With the Heartbeat Act restricting abortions after six weeks, the women coming in for tests are earlier along, more confused, and more desperate.
On paper, Texas’s Heartbeat Act—the most restrictive ban on abortion in the country—doesn’t affect the nearly 200 pregnancy centers spread across the state, since such facilities don’t perform abortions or make abortion referrals.
Yet those who work at pro-life pregnancy centers have seen shifts in their clientele ever since the law passed in September, making it illegal to perform abortions on women when a fetal heartbeat is detected.
Centers were flooded with phone calls from women worried they might be pregnant or unclear about the details of the law. Tonya Thomas, executive director of Pregnancy Help 4 U in Keller, Texas, said client calls and walk-ins picked up right away.
“Before, we would see them at 6–8 weeks of pregnancy,” she said. “Now, we’re seeing them right at 4 weeks—as soon as they think they should have their period. … They know time is of the essence.”
Women who are further along know they’ll have to cross state lines to obtain an abortion, so they go straight to facilities out of state, like in Oklahoma and New Mexico, where there are fewer restrictions. The new clientele at Texas centers often arrive in shock and desperation, never expecting to face a decision so early in pregnancy.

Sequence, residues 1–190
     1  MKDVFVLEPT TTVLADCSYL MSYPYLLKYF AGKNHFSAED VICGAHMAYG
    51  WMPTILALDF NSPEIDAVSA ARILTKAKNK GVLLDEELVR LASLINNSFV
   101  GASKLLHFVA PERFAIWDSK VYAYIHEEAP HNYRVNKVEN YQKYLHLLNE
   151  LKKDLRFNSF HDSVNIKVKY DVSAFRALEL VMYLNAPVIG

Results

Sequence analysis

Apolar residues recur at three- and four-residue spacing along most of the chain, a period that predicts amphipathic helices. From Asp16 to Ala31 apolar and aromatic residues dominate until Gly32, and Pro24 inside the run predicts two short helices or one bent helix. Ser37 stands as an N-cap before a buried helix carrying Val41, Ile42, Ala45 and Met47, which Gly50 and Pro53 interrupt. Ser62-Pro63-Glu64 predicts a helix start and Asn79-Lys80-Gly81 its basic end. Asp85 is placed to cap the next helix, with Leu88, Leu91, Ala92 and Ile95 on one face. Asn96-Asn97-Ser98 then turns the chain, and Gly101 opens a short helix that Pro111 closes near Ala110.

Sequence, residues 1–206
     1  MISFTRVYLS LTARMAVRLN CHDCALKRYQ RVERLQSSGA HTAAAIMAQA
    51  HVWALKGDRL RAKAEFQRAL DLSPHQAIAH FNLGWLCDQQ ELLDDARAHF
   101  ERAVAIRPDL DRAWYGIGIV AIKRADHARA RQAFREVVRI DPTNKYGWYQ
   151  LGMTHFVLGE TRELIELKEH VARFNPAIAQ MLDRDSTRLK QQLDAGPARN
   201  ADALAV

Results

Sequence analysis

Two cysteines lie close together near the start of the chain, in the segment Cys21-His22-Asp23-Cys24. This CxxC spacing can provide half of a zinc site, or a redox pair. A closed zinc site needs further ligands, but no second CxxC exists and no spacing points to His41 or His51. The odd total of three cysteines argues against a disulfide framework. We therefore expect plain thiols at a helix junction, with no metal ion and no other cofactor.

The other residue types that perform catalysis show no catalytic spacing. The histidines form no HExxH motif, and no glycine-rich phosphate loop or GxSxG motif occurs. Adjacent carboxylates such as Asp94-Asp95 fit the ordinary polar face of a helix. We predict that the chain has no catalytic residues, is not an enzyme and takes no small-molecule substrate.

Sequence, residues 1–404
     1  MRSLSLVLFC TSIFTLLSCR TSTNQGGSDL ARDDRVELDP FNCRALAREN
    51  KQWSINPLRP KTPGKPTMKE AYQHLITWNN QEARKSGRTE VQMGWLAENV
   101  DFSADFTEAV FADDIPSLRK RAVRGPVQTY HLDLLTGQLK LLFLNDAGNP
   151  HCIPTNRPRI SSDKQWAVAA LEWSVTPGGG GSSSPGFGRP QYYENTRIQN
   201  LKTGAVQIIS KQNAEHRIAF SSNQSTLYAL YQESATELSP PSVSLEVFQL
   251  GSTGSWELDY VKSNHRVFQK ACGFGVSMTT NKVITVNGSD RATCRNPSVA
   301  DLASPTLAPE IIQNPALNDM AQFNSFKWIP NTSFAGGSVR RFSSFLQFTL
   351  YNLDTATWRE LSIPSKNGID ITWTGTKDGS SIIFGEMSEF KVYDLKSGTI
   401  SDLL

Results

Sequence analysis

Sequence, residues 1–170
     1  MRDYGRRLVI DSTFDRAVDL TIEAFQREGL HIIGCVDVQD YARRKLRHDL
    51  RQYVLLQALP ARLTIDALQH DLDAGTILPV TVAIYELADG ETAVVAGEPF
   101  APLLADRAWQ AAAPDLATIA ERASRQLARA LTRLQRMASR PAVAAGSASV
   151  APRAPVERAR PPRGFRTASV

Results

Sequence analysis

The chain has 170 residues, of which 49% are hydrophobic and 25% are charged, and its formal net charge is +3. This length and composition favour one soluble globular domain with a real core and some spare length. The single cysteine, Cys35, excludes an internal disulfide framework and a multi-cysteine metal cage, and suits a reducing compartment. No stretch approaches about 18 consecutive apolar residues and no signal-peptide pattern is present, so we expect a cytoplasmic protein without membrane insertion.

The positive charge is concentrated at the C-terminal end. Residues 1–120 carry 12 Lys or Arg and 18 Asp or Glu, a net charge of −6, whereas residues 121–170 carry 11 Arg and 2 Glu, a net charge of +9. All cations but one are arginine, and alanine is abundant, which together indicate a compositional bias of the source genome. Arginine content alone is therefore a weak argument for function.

“We have heard of some clients being upset at the pregnancy centers themselves, thinking they are to blame for the new law,” said Vincent DiCaro, chief outreach officer (COO) of Care Net, the evangelical network of more than 1,100 pregnancy centers around the country and 168 in Texas. “Many of our centers have said it’s a very challenging environment.”
The controversial law comes as a victory for pro-life advocates—the …